Acts 21-22: Paul in Jerusalem.

December 26, 2015.

Daily Reading: Acts 21-22.

Background: Acts 19-20.

Concepts and Connections.

Chapter 21

Paul in Jerusalem: As Paul set fourth to Jerusalem, he and his company made several stops along the way. Notice the bond of the brethren here as they stop and find disciples in various cities, prolonging their stay a bit to be with them. Paul’s time in Jerusalem would not be filled with ease, as he knew that he was going into a hostile area to him, and here we see a specific prophecy made by Agabus that Paul would be bound in Jerusalem. The disciples urged him not to go, but Paul was determined, for he was not only ready to be put into prison in Jerusalem, but also to die for the cause of Christ, if that be the will of God. When the disciples saw that they could not persuade him, they submitted to the will of the Lord and sent him on his way.

When Paul came to Jerusalem, he immediately met with the disciples there. He met with James, the brother of Jesus, who was a leader in the church in Jerusalem and told him and the elders all the good things that God had done for the Gentiles for them. James gives an interesting response to Paul here. The disciples glorify God for what He had done for the Gentiles, but James tells Paul that there is an issue that had arisen concerning him. He tells him that there is a rumor going around that Paul is teaching completely against the Law of Moses, and wished to destroy all the customs of the Jews, apparently still kept by the Jewish Christians here. He tells Paul to take four men who had been under a vow (probably a nazarite vow) and purify himself with them to show to the Jewish Christians that the rumor is not true, thus implying that Paul still observed the Law. Paul did this without any disputing that we know of, which indeed implied that he, as a Jewish Christian, did observe the Law. James reminds Paul of the letter that they had sent earlier concerning the Gentile Christians, with their decision that they did not have to observe the full Mosaic Law, but to keep from food sacrificed to idols, blood, things strangled and sexual immorality (see Acts 15:19-29).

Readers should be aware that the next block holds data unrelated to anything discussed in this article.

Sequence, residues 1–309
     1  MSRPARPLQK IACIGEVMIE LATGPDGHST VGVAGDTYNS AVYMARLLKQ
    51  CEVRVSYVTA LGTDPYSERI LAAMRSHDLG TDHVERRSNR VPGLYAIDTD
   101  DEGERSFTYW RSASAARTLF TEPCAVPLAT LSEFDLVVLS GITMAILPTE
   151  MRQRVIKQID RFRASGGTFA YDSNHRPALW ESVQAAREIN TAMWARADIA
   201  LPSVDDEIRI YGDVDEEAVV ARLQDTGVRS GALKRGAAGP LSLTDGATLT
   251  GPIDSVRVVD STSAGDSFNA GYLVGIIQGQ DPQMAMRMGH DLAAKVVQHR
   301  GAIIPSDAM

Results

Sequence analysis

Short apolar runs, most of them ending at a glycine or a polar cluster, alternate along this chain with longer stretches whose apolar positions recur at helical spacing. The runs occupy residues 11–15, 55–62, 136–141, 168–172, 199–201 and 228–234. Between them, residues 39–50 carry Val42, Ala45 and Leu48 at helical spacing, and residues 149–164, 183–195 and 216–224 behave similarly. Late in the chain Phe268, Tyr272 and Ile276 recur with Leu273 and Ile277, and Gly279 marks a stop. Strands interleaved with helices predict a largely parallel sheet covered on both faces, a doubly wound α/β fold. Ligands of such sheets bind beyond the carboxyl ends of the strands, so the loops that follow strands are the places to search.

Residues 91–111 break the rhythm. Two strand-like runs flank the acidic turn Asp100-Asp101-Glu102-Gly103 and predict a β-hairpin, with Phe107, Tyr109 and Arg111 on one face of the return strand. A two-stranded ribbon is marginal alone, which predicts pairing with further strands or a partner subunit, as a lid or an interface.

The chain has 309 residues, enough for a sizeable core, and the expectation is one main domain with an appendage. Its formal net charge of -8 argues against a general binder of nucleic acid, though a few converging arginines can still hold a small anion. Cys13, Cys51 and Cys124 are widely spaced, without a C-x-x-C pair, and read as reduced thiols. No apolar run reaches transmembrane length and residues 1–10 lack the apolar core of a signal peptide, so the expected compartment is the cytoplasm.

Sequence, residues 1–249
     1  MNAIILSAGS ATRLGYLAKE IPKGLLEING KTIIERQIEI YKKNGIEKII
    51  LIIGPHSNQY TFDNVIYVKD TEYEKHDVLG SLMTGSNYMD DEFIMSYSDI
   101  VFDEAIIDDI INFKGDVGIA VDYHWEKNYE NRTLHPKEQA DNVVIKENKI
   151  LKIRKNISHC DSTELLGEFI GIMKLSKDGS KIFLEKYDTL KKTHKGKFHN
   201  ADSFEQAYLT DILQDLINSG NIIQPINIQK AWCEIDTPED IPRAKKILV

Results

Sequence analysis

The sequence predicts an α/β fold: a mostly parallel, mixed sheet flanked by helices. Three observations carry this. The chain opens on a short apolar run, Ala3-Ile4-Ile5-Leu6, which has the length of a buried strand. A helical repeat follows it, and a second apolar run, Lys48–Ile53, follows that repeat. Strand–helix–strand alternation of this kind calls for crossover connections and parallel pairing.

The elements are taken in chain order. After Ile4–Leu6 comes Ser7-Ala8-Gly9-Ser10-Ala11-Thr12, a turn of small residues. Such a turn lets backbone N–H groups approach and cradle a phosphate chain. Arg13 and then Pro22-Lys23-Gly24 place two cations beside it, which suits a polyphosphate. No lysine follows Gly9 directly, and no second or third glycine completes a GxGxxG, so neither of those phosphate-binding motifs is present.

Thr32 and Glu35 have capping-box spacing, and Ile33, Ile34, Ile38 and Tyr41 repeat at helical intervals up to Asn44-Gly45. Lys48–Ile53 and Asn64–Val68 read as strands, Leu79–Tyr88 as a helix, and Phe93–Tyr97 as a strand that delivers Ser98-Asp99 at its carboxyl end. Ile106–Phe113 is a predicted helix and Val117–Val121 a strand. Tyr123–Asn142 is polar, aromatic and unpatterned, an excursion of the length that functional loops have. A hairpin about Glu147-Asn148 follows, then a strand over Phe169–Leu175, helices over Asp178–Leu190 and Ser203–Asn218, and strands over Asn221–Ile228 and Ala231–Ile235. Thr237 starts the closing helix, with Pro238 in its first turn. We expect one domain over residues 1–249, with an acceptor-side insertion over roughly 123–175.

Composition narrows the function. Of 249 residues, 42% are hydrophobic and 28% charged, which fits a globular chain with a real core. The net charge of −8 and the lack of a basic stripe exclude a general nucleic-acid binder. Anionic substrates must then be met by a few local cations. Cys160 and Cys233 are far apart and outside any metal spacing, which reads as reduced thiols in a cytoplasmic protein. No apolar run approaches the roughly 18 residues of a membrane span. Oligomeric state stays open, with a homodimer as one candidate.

As the days of purification for the vow were nearing an end, Jews from Asia saw Paul in the temple and stirred up the whole crowd against him, accusing him of teaching all men everywhere against the Law of Moses, against Jewish customs and bringing Greeks in to defile the temple (assuming someone they saw in the city, who was an Ephesian, was with Paul). There was a great uproar, Paul was dragged out of the temple and the people tried to kill him. Before they could kill him, however, Roman soldiers saw that the city was in an uproar and they came in and arrested Paul so they could try and figure out what was going on. This would be the beginning of a prolonged prison experience for Paul, just as had been prophesied. There was a much confusion here as some people shouted one thing and others shouted another. The soldiers had to protect Paul from the crowd. When Paul asked the tribune, in Greek, if he could say something to him, the solider thought he might be an Egyptian that had caused trouble recently. Paul told him he was a Jew from Tarsus in Cilicia and asked for permission to speak to the people who were just trying to kill him. The solider gave him permission and he began to make his defense.